“I will make you jealous of those who are not a nation;
with a senseless nation I will make you angry.”
20s Then Isaiah speaks boldly and says:
“I was found [by] those who were not seeking me;
I revealed myself to those who were not asking for me.”
21But regarding Israel he says, “All day long I stretched out my hands to a disobedient and contentious people.”
* [10:1–13] Despite Israel’s lack of faith in God’s act in Christ, Paul does not abandon hope for her salvation (Rom 10:1). However, Israel must recognize that the Messiah’s arrival in the person of Jesus Christ means the termination of the Mosaic law as the criterion for understanding oneself in a valid relationship to God. Faith in God’s saving action in Jesus Christ takes precedence over any such legal claim (Rom 10:6).
* [10:4] The Mosaic legislation has been superseded by God’s action in Jesus Christ. Others understand end here in the sense that Christ is the goal of the law, i.e., the true meaning of the Mosaic law, which cannot be correctly understood apart from him. Still others believe that both meanings are intended.
* [10:5–6] The subject of the verb says (Rom 10:6) is righteousness personified. Both of the statements in Rom 10:5, 6 derive from Moses, but Paul wishes to contrast the language of law and the language of faith.
* [10:7] Here Paul blends Dt 30:13 and Ps 107:26.
* [10:9–11] To confess Jesus as Lord was frequently quite hazardous in the first century (cf. Mt 10:18; 1 Thes 2:2; 1 Pt 2:18–21; 3:14). For a Jew it could mean disruption of normal familial and other social relationships, including great economic sacrifice. In the face of penalties imposed by the secular world, Christians are assured that no one who believes in Jesus will be put to shame (Rom 10:11).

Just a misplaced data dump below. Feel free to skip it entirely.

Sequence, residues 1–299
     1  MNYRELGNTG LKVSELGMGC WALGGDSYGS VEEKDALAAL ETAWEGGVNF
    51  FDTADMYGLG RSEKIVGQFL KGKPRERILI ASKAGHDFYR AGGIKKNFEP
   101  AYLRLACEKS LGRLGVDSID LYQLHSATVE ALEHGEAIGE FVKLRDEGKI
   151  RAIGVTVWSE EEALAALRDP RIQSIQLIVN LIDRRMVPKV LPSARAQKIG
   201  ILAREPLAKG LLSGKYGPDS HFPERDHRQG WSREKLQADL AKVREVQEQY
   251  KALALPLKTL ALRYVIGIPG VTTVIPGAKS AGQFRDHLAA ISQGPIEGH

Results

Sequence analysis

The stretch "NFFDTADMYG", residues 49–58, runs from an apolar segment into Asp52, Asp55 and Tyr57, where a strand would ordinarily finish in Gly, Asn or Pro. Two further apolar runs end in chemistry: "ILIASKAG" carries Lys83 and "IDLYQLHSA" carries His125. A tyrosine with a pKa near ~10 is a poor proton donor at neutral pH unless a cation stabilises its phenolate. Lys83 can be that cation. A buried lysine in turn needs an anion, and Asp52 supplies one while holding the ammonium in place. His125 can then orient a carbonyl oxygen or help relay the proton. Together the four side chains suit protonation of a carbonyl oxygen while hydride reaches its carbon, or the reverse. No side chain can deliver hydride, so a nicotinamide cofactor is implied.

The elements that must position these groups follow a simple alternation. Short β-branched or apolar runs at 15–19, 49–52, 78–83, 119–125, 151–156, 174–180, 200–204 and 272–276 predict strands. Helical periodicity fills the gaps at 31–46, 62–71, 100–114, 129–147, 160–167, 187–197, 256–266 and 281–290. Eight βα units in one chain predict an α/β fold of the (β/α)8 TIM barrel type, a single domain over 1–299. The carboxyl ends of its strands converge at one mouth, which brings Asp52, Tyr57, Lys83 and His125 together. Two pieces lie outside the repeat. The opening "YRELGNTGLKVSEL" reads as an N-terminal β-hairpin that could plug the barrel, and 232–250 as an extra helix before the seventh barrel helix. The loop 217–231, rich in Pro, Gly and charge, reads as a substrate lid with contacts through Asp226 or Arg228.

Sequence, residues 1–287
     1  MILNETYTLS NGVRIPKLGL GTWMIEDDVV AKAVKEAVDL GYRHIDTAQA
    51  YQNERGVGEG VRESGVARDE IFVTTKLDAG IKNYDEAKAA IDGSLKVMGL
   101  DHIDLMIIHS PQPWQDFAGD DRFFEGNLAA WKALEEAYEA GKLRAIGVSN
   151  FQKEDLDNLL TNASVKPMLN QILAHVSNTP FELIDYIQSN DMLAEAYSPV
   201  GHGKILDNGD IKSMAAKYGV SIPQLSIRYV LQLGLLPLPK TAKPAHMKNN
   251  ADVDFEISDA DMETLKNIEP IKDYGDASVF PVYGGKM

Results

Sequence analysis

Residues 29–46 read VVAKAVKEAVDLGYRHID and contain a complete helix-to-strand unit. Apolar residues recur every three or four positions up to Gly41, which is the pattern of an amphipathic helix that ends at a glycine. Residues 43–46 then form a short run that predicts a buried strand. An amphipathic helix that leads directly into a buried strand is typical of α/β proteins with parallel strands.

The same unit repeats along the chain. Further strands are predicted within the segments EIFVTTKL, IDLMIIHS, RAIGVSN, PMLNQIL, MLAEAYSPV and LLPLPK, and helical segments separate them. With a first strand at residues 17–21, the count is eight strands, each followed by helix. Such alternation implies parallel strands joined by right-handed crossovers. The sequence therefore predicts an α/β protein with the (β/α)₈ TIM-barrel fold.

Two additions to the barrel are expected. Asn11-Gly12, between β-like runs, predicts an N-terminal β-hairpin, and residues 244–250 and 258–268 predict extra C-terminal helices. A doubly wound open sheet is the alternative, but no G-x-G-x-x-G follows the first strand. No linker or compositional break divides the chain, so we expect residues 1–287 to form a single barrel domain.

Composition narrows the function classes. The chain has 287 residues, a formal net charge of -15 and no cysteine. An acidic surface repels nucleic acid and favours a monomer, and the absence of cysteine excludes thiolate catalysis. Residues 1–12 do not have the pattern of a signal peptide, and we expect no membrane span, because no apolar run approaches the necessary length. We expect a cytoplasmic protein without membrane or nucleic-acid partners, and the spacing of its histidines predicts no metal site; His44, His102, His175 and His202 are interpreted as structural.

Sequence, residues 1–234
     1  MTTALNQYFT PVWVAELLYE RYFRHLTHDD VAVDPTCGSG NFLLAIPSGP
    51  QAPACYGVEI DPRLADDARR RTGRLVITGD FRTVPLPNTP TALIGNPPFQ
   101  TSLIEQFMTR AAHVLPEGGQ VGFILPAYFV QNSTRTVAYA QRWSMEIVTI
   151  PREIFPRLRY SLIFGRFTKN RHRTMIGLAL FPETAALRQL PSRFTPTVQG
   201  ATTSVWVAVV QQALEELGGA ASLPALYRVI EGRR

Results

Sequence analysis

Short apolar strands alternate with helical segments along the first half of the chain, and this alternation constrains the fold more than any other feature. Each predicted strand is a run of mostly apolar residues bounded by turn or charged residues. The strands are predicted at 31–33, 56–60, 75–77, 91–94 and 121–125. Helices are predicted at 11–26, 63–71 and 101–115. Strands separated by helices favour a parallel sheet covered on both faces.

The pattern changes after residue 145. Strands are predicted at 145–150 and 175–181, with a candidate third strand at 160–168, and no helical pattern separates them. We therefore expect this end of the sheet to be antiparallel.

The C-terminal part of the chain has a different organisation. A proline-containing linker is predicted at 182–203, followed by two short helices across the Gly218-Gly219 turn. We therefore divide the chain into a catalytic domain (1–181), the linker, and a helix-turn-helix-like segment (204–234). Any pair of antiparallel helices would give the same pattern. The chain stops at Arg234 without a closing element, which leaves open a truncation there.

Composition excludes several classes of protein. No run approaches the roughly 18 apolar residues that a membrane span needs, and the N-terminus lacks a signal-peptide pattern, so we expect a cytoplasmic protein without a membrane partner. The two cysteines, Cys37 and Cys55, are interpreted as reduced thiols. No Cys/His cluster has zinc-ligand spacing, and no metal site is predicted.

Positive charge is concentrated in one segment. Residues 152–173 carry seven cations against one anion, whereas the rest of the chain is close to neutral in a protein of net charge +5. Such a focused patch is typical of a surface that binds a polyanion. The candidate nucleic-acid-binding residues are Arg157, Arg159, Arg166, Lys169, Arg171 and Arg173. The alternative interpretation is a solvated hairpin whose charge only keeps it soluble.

* [10:14–21] The gospel has been sufficiently proclaimed to Israel, and Israel has adequately understood God’s plan for the messianic age, which would see the gospel brought to the uttermost parts of the earth. As often in the past, Israel has not accepted the prophetic message; cf. Acts 7:51–53.
* [10:15] How beautiful are the feet of those who bring [the] good news: in Semitic fashion, the parts of the body that bring the messenger with welcome news are praised; cf. Lk 11:27.
a. [10:1] 9:1, 3.
b. [10:2] Acts 22:3.
c. [10:3] 9:31–32; Phil 3:9.
d. [10:4] Acts 13:38–39; 2 Cor 3:14; Heb 8:13.
e. [10:5] Lv 18:5; Gal 3:12.
f. [10:6] Dt 9:4; 30:12.
g. [10:7] Dt 30:13; 1 Pt 3:19.
h. [10:8] Dt 30:14.
i. [10:9] 1 Cor 12:3.
j. [10:11] 9:33; Is 28:16.
k. [10:12] 1:16; 3:22, 29; Acts 10:34; 15:9, 11; Gal 3:28; Eph 2:14.
l. [10:13] Jl 3:5; Acts 2:21.
m. [10:14] Acts 8:31.
n. [10:15] Is 52:7; Na 2:1; Eph 6:15.
o. [10:16] Is 53:1; Jn 12:38.
p. [10:17] Jn 17:20.
q. [10:18] Ps 19:5; Mt 24:14.
r. [10:19] 11:11, 14; Dt 32:21.
s. [10:20–21] 9:30; Is 65:1–2.
The Remnant of Israel.* 1I ask, then, has God rejected his people? Of course not!a For I too am an Israelite, a descendant of Abraham, of the tribe of Benjamin.b 2God has not rejected his people whom he foreknew. Do you not know what the scripture says about Elijah, how he pleads with God against Israel? 3“Lord, they have killed your prophets, they have torn down your altars, and I alone am left, and they are seeking my life.”c 4But what is God’s response to him? “I have left for myself seven thousand men who have not knelt to Baal.”d 5So also at the present time there is a remnant, chosen by grace.e 6But if by grace, it is no longer because of works; otherwise grace would no longer be grace.f 7What then? What Israel was seeking it did not attain, but the elect attained it; the rest were hardened,g 8as it is written:
“God gave them a spirit of deep sleep,
eyes that should not see
and ears that should not hear,
down to this very day.”h
9And David says:i
“Let their table become a snare and a trap,
a stumbling block and a retribution for them;